There are many popular tales and stories about bunnies. Those long-eared adorable fellows are heroes of folk tales, beliefs and popular culture. Rabbits have been considered a symbol of good fortune, prosperity and happiness, since ancient times. It is not surprising rabbit was the most favorite animal of beautiful and kind Aphrodite and worshiped in both ancient Rome and Greece.
Nowadays, they are very popular as pets. Rabbits are cuddly, cute and dear little fellows, who know how to warm your heart and make you smile.
They are not extremely complicated to take care of, but be ready to fully commit to your furry friend. Rabbits don’t like to be alone; they would always seek attention and a buddy to play with. Rabbits live in larger groups in nature, so they love company of other pets and their owners. Whenever you have time, play with your bunny. You will make yourself a very loyal and kind little friend.
Treat it with tenderness and always be there to make it feel safe. Bunnies need to be active and properly maintained in order to be happy and healthy. They are very affectionate and they love to interact with their owners. Your new pet will most likely circle around your legs to attract your attention. However, they don’t like to be picked up by their ears or skin behind the neck. You should not carry them around, either. They are not suitable for small children and nervous, rough people.
Most rabbits love to cuddle. Your new pet would let you place it in your lap and caress its soft fur.
However, let it get used to your household gradually and try not to knead it all the time. Be very patient with it, because this sensitive adorable rodent could be a little scared when separated from the group of other rabbits. If you treat it gentle and with love, you’ll have a lovely, happy pet.
Rabbits are exclusively herbivores and they don’t need any food of animal origin, except their mother’s milk. Their menu should consist of hay, grass, raw vegetable and fruit and some granules. Hay should always be available and fresh. It takes almost one hundred percent of their daily diet. Hay contains fiber which is essential to rabbits’ digestion. Since it should always be completely fresh, serve it in several daily portions. There should also always be fresh and clean water available.
Beside hay, rabbits’ nutrition should include vegetable and fruit. All of it should be given carefully, especially if you are introducing new viands. Rabbits’ delicate intestinal tract needs to adapt to new food. Baby rabbits separated from their mother have extremely sensitive intestines. In the first several months you should feed them only hay. After that period, you can start with including some vegetables and herbs. Feed it very small amounts and track their behavior. If they don’t have any stomach problems, diarrhea or bloating, you can give them a little more.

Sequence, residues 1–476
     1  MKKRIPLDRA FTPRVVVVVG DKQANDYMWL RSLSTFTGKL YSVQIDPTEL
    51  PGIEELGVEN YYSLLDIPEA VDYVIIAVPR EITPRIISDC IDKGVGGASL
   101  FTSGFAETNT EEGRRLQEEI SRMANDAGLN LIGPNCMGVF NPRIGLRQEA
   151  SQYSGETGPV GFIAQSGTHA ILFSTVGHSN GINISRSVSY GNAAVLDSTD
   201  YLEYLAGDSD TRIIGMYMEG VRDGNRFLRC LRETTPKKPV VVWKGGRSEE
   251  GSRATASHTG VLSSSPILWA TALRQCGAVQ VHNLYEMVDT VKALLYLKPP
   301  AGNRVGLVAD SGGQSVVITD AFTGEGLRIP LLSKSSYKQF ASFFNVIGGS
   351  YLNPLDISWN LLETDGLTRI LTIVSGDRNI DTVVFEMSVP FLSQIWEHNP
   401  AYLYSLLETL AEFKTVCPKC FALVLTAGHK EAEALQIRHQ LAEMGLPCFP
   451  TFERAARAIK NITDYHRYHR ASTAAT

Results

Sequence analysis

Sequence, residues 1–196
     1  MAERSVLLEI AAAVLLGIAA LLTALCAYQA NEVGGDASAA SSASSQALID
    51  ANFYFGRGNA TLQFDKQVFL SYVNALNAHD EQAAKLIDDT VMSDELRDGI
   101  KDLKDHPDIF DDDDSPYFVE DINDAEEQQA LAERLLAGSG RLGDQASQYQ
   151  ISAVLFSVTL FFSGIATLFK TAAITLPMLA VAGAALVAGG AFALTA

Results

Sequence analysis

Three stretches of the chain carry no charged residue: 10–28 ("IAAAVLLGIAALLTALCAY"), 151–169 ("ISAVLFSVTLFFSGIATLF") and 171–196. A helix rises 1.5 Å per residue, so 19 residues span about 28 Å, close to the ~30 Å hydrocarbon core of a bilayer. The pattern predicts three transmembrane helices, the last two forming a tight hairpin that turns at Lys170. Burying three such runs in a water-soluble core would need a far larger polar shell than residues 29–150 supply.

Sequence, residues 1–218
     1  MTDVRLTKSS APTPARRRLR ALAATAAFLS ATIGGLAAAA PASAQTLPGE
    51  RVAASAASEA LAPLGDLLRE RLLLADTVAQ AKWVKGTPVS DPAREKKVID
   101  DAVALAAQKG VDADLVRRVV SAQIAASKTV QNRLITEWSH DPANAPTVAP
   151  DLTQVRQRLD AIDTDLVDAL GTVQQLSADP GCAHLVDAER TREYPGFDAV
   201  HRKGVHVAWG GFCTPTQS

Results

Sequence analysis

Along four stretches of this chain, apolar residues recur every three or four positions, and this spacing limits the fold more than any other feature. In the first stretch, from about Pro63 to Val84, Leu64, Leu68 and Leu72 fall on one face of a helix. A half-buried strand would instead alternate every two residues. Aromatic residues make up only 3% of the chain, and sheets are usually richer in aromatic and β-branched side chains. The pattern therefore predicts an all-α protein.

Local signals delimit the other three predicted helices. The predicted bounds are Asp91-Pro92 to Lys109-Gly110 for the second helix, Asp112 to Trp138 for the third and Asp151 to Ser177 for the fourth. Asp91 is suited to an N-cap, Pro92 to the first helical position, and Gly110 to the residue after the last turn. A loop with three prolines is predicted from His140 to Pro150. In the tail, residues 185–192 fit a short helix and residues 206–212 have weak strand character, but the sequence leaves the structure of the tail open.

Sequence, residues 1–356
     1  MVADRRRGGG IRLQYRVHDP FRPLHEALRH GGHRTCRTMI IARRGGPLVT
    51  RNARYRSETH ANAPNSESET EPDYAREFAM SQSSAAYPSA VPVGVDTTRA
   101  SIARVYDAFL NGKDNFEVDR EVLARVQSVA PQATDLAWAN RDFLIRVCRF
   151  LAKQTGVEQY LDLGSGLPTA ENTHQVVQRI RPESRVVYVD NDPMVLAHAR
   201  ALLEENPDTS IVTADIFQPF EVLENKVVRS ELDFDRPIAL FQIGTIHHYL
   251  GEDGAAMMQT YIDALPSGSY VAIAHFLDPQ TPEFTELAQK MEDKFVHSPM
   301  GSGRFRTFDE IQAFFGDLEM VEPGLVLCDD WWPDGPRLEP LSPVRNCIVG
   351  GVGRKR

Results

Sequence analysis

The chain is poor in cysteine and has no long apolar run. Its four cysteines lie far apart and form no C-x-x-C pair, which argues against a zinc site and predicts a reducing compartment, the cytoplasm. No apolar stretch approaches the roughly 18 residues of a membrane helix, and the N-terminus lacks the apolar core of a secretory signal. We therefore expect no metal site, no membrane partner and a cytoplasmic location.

Rabbits can eat fruit as well. However, fruit is sweet and it should be considered a treat. Bunnies cannot digest well any food that contains too much sugar. One or two small slices of fruit are enough for them. Don’t fall for their charms, because they would most likely love any fruit you give them. Just follow those advices and your bunny will be healthy.
Are potatoes good for rabbits?
Potatoes and other root vegetables are a bit tricky for rabbits. The list includes parsnips, carrots, beets and radishes as well. This type of vegetable is full of starch and sugar, which is not particularly good for rabbits. Their intestines are not designed to digest lots of carbohydrates. Too much potatoes and other can just make them sick. Your bunny may enjoy how potatoes taste, but it won’t get it any benefits if you go overboard. So, you can feed it, but only in small amounts.
There are lots of other vegetables you can choose over potatoes. Offer your bunny some lettuce, sprouts, other dark green and leafy food. Try some mint, basil, chicory and dill. They are good for your bunny’s digestion. You can feed it some broccoli, celery, cabbage and zucchini, but keep in mind they could cause bloating and other stomach upsets. You can serve them in smaller portions, several times a week.
Potatoes in larger quantities can make your rabbit sick. If you notice any sign of illness, immediately go to veterinarian. Your rabbit can experience appetite loss, weakness and diarrhea. That applies to other vegetables as well. Potatoes should not be a problem if you feed it occasionally. You can add them to enrich your bunny’s diet, but there are far better choices.
However, if it really likes potatoes, you can serve it sometimes and in very small amounts. Always make sure all food is thoroughly rinsed, sliced and free of any signs of spoiling.